Venues such as Studley Park Boathouse are susceptible to “captive audience syndrome”, the phenomenon where restaurants in remarkable settings can get away with serving any old slop because people will show up regardless.
Some might argue that Studley Park, with its heavenly Aussie bush setting on the Yarra, has indeed suffered from that syndrome in the past. But following a recent renovation of the historic boathouse (160 years old and serving refreshments since 1898) and with a new operator on board, it has emerged with a spring in its step and a menu chock-full of mostly well-executed crowd-pleasers.
Let’s not get ahead of ourselves, though. This new version of the Boathouse is still very much location-centric and is certainly not striving to become a destination for food adventurers. The dial is firmly – and wisely – set to comfort. With its menu of burgers, steak and schnitzels, it’s about welcoming everyone. But with an all-Victorian wine list and a kitchen that favours local producers whenever possible, the comfort has a goal and a philosophy, acknowledging a storied venue’s place in a state that produces more than its fair share of excellent food and wine.
Take the Boathouse’s version of fish and chips ($33), for example. It’s a generous serving of local rockling in a batter so light and crisp that it borders on tempura, but with a faint hint of vinegar in the background. It comes with good, well-seasoned fries, a salad of cos lettuce and house-pickled onion, and an excellent rich and lemony tartare, made fresh each day. Whether you’re sitting in one of the enclosed dining areas (the elevated conservatory affords the best views through its walls of windows) or outside on one of the numerous decks, it’s hard to imagine a dish better suited to the Boathouse’s Anglo origins.
The dial is firmly – and wisely – set to comfort.
It may help that the executive chef, Christian Abbott, is originally from England and so gets the Victoriana of it all. He delivers food that sits well with the whole “messing about in boats” thing. But though the desserts include the very good Tipsy Trifle ($16) – adapted from Abbott’s mother’s recipe but given a twist with an excellent fig-leaf custard, cherries and a whack of Bailey’s – the offer is not all about England’s greatest hits.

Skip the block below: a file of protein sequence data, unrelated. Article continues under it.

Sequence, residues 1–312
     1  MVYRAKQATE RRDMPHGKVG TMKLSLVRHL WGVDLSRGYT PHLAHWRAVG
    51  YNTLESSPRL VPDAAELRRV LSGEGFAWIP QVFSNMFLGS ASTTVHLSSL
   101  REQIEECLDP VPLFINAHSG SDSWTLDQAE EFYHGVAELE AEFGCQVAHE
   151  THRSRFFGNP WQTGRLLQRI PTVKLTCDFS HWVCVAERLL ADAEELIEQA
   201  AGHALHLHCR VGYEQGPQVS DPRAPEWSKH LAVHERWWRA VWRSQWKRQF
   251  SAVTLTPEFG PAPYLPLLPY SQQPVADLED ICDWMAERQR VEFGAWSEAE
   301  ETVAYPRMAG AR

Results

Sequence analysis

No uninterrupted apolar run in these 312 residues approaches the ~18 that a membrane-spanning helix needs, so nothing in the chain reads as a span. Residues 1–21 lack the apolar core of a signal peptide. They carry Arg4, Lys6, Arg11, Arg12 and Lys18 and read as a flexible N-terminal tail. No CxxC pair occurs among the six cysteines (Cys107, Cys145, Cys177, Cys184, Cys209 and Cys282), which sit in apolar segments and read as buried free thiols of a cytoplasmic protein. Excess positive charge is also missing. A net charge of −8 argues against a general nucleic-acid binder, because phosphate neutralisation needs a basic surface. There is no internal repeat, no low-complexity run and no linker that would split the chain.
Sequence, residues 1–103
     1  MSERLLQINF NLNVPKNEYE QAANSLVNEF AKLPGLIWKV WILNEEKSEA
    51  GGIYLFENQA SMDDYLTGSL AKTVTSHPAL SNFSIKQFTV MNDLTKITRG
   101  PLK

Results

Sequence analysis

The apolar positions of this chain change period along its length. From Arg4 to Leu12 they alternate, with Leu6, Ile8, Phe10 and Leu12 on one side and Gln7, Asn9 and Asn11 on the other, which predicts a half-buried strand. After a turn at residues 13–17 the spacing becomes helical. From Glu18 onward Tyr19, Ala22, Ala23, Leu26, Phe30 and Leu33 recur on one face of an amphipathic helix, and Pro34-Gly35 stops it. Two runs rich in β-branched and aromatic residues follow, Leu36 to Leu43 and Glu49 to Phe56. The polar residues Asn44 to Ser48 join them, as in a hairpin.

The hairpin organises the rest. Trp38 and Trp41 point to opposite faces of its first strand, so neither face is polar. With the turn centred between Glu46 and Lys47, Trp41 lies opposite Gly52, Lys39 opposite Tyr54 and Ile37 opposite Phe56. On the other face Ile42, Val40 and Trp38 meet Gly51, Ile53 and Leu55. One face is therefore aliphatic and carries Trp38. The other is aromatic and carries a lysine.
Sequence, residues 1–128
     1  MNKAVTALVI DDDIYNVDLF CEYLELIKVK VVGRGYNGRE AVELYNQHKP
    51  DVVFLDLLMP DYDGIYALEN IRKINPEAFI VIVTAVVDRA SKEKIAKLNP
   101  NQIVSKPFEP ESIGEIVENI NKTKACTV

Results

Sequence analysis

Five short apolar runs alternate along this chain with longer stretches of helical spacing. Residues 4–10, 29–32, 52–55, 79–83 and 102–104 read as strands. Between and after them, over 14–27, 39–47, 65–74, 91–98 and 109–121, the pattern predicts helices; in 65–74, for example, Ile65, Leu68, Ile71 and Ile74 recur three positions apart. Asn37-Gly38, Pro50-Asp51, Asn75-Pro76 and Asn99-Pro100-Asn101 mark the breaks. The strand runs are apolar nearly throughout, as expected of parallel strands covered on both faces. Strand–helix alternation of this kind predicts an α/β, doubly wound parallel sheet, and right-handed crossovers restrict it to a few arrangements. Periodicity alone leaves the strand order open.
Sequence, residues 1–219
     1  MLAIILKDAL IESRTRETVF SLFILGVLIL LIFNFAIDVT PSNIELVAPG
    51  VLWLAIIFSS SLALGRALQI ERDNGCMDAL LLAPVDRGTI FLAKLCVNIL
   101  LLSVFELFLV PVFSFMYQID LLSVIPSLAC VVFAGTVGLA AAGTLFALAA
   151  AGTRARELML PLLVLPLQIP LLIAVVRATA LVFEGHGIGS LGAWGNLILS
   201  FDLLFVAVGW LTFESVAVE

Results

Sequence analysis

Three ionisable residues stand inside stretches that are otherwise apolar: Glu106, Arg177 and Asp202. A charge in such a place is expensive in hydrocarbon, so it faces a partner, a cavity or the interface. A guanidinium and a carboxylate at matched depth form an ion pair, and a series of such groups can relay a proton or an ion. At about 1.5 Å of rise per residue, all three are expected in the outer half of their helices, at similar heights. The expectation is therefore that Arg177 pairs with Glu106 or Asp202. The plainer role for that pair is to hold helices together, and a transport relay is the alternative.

This is most obvious with the main post-renovation menu addition: pizza with a fermented sourdough crust that’s cooked in a state-of-the-art rotating wood-fired oven. Toppings are from the distinctly Italian “less is more” school, like the San Daniele prosciutto, sugo, sun-dried tomato, mozzarella and rocket number ($26). The crust arrived nicely bubbled and a little charred and, though perhaps needing a touch more heat, was a pretty good rendition of Melbourne pizza now. Vegetarians are looked after here with charred pumpkin ($24) and margherita ($22) toppings, as they are on the rest of the menu, which includes a plant-based burger ($28) and gnocchi with asparagus, peas and ricotta salata ($30).
Fried salt-and-pepper calamari ($18) was as tender and as crisp as you could want and the caesar salad ($25) was a ripper – halved boiled eggs at just the right sticky-soft consistency, heavy on the crisp bacon, the whole thing finished with freshly shaved parmesan. Fans of tarte tatin ($16) won’t want to miss this one, particularly as it is cleverly and deliciously teamed with macadamia ice-cream.
Service leans towards efficiency over polish – a necessity in a venue that can clock between 1200 and 2000 meals a day – but the young staff handle it well and cheerily, whether you’re doing the table service thing inside or the order-at-the-counter outdoors experience.
There is a restaurant group element to the current Studley Park Boathouse story. It’s part of the Australian Venue Co. behemoth, whose portfolio includes The Esplanade in St Kilda and the Sarah Sands in Brunswick, but there’s no mass-produced vibe here. The menu, the service and the drinks list are modest and well-tailored to this most lovely of settings, the audience not so much captive as captivated.
Vibe: A recent, smart makeover of both food and decor has the Boathouse again ready for its close-up
Go-to dish: Fish and chips (battered local rockling with fries, salad and lemon tartare), $33
Drinks: User-friendly, all-Victorian wine list curated by wine guy Matt Skinner, plus classic and house specialty cocktails
Cost: About $100 for two, plus drinks
Restaurant reviews, news and the hottest openings served to your inbox.Sign up